It all started when I tried to find a solution for customizing an XStream instance for my ActiveMQ XStream message transformer that would be better than currently used (extending a base transformer and providing a custom factory method that will do things like alias, converter, annotation, etc. settings). I wanted an easy solution to configure XStream instance in a Spring xml configuration file used in my application and provide that instance to all beans that need it (message transformer among others).
XStream is a very nice library that I’ve used and written about before, but there is no Spring factory builder that could be used for this purpose. A little googling got me to the OXM framework, a part of Spring WS project.
The main purpose of this library is to provide a layer above various Object/XML mapping frameworks, such as Castor, Jaxb, XStream, etc. It contains two main abstractions,
Unmarshaller wrapping these basic two operations found in appropriate frameworks. For the context objects, this framework use standard classes located in the
javax.xml.transform package, so you can work with Stream, Sax and DOM sources and results. Also, it is distributed in two JARs, one that is fully JDK1.4 compatible and one that adds extra features for JDK5 where it is appropriate, which is very nice.
Now back to the XStream and some examples. First of all, in order to use this library you must have the appropriate version of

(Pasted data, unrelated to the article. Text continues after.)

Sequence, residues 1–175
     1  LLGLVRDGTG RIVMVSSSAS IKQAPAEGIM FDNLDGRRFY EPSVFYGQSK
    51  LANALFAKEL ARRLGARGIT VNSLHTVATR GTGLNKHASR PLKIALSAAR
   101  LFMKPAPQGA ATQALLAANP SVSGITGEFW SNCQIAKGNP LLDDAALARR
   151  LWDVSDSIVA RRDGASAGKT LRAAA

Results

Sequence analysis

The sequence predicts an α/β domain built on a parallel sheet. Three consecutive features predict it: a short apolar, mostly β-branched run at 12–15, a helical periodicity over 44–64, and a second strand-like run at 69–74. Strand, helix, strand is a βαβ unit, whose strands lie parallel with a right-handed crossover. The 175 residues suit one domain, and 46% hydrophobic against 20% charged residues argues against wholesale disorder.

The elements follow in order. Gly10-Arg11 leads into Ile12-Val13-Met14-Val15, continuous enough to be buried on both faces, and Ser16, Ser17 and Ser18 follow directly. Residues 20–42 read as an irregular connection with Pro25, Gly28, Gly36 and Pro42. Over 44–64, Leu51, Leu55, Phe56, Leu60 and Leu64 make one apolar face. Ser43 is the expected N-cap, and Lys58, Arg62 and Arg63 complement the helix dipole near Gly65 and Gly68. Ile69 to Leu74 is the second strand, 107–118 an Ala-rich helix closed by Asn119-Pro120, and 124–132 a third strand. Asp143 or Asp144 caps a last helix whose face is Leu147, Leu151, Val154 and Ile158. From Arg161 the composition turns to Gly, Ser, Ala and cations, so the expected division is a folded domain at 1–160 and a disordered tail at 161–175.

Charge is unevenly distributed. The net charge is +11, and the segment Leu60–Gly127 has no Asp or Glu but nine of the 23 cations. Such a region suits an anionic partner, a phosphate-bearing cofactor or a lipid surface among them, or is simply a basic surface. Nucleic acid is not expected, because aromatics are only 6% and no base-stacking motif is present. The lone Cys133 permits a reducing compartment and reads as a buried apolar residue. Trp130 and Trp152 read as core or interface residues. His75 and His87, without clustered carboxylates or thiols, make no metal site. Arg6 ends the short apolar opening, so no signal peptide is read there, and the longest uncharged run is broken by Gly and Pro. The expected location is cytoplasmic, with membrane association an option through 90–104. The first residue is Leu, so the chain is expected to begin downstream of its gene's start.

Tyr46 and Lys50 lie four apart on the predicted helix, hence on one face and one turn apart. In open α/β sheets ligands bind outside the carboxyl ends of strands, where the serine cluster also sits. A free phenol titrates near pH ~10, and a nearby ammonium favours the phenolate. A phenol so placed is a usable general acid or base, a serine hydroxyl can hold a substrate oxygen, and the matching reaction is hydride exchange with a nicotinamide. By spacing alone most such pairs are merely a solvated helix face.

spring-oxm jar file in your classpath. You can achieve this, for example, by adding the following dependency in your pom.xml
<dependency> <groupId>org.springframework.ws</groupId> <artifactId>spring-oxm</artifactId> <version>1.0.2</version> </dependency>
Now, we can make our Spring definition of the OXM marshaller
<bean id="plainMarshaller" class="org.springframework.oxm.xstream.XStreamMarshaller"/>
After the application initialization we have a
plainMarshaller bean ready to use
XStreamMarshaller marshaller = (XStreamMarshaller)context.getBean("plainMarshaller"); JobDetails job = createJob(); StringResult result = new StringResult(); marshaller.marshal(job, result); System.out.println(result.toString());
which should marshall and print my
JobDetails class to standard output. So, the following output is expected
<org.sensatic.jqr.jobs.JobDetails> <group>testGroup</group> <name>testJob</name> <params> <map> <entry> <string>password</string> <string>test</string> </entry> <entry> <string>username</string> <string>dejanb</string> </entry> </map> </params> </org.sensatic.jqr.jobs.JobDetails>
Now let’s add some aliases and converters
<bean id="configuredMarshaller" class="org.springframework.oxm.xstream.XStreamMarshaller"> <property name="aliases"> <props> <prop key="job">org.sensatic.jqr.jobs.JobDetails</prop> </props> </property> <property name="converters"> <list> <bean class="org.sensatic.jqr.jobs.ParamsConverter"/> </list> </property> </bean>
Yes, it is really as easy as that. If we now use a marshaller set like this, it will produce the following result
<job> <group>testGroup</group> <name>testJob</name> <params><password>test</password><username>dejanb</username></params> </job>
As you probably know, XStream can use annotations to set aliases and converters for classes. To demonstrate this we will of course need the additional JAR that provides JDK5 (Tiger) funcionality to the XStream marshaller. For that just add the following dependency to your